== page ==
Not all PR is good PR

The public relations profession has often been dissed for crossing the line between fact and fiction.

It’s called ‘spin’ and critics are quite right to call PR people to the carpet for embroidering the truth. Our reputations as strategic communications advisors — and the very sustainability of our profession — hinges on our ability to present the facts in a way that is credible, provable and transparent.

Contrary to what many people believe, not all PR is good PR. Sometimes what looks like a good story is just that — a story. Spin, pure and simple. And because it’s wishful thinking, rather than reality, it doesn’t do what good PR is supposed to do which is to help people trust what is being said. And by virtue of trusting what is being said, trusting also the person saying it.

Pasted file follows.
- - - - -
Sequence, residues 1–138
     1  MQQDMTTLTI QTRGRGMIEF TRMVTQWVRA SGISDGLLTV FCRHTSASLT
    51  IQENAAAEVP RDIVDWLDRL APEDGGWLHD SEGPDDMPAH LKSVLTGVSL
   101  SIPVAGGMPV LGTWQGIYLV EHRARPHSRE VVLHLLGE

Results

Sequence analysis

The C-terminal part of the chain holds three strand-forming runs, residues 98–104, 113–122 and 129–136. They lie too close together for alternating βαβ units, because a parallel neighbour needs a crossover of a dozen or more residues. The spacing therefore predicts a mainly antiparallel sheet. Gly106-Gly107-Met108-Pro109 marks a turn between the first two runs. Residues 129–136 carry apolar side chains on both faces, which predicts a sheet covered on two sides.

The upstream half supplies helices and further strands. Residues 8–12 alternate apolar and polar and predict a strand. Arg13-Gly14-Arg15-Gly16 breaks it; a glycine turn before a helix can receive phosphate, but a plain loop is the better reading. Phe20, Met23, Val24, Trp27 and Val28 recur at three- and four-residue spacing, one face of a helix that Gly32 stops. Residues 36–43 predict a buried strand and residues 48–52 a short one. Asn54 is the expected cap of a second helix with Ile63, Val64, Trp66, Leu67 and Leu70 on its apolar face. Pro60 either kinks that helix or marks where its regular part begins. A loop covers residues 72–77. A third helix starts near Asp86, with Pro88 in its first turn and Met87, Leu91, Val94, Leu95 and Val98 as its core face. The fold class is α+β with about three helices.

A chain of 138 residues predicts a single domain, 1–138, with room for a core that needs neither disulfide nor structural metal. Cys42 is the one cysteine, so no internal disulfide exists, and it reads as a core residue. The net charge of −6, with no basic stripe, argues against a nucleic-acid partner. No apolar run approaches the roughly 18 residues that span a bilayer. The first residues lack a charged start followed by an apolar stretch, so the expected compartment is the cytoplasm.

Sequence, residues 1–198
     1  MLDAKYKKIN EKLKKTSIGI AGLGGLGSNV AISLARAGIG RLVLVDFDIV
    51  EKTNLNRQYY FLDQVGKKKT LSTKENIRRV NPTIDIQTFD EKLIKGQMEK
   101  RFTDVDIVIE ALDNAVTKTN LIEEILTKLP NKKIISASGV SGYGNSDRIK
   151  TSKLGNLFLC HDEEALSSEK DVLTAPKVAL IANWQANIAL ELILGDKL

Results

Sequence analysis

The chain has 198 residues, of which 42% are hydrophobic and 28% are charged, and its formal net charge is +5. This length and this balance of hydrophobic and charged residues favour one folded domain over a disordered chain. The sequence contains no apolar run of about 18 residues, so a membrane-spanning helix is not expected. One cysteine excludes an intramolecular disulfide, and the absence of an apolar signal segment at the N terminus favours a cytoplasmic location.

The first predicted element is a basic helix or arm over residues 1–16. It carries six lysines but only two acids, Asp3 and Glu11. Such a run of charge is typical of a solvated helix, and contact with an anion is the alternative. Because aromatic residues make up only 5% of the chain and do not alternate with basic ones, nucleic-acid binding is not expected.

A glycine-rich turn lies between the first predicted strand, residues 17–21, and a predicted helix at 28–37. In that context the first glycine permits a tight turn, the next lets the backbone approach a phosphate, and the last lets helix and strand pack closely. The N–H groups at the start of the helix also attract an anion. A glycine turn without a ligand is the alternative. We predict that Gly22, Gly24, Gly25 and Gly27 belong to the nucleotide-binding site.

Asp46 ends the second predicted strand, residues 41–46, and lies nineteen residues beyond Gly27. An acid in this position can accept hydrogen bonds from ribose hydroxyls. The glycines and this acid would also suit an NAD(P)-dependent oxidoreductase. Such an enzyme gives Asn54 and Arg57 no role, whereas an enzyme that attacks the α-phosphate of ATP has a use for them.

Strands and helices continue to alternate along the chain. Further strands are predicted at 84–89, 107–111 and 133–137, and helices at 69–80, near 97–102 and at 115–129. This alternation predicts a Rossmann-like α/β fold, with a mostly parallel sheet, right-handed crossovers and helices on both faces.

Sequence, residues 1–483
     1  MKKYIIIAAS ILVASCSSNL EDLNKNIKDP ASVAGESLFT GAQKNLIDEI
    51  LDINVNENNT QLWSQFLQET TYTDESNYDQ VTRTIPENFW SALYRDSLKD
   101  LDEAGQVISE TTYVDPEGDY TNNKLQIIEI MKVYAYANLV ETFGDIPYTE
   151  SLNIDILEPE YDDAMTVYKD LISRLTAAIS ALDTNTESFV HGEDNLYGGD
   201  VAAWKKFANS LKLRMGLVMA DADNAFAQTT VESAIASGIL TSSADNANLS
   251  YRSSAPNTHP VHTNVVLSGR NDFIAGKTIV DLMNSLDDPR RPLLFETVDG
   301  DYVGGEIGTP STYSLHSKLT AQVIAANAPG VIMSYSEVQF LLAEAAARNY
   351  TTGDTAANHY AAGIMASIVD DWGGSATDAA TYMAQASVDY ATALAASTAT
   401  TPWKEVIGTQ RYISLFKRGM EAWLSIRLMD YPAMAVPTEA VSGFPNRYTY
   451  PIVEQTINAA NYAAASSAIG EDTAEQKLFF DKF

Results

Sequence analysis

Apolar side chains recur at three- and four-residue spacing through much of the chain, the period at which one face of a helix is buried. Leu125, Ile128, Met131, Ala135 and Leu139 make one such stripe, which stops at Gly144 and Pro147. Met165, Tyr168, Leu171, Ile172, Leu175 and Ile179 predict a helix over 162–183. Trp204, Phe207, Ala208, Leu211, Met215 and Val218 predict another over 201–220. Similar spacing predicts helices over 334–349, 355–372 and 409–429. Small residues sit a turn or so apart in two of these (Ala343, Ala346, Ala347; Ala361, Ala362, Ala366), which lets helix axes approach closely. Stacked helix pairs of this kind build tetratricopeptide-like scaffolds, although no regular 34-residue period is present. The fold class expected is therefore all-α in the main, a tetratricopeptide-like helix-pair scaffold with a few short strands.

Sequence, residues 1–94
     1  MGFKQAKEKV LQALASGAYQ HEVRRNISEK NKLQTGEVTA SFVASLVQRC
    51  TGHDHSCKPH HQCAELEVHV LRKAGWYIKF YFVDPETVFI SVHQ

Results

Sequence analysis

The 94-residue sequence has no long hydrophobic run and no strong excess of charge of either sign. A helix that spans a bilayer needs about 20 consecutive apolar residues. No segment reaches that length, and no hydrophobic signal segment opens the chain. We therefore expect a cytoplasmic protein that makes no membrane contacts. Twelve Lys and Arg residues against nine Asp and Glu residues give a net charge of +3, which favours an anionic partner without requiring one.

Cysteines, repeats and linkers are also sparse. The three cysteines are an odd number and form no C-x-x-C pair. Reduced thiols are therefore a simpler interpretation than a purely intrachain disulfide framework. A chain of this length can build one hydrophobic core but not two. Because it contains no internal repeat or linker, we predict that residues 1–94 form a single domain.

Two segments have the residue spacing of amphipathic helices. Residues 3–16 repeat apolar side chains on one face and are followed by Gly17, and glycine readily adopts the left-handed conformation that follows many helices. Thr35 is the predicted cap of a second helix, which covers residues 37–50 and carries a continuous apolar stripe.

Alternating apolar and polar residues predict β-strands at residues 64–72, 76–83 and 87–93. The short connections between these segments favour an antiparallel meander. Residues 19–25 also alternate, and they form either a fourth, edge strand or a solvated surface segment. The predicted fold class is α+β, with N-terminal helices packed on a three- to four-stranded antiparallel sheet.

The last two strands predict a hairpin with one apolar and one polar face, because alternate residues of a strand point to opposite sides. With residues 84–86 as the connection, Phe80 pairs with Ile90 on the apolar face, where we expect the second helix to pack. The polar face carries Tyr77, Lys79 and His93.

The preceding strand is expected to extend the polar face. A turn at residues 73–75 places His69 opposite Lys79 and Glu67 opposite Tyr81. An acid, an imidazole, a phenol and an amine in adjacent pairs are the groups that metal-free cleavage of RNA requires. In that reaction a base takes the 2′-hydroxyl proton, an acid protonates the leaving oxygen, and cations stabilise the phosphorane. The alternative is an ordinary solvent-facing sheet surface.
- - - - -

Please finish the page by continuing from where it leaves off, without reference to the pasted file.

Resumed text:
McDonald’s Canada recently launched a new ad campaign to try and ‘humanize’ the brand by showing people engaging with it directly. Great idea. I’m all for putting a human face on things.

The part that I have trouble believing is the campaign’s focus on the farming families who help to produce some of the food that McDonald’s sells.I have no problem with farmers, and if you follow my work, you’ll know I’m a big fan of local food.

The issue I have is with the spin. The ads insinuate that because farmers are most likely trustworthy people, therefore McDonald’s food is healthy and natural, and McDonald’s brand is therefore also good.

It’s not only bad logic. It’s wishful thinking. And a clear case where some PR is actually pretty bad.

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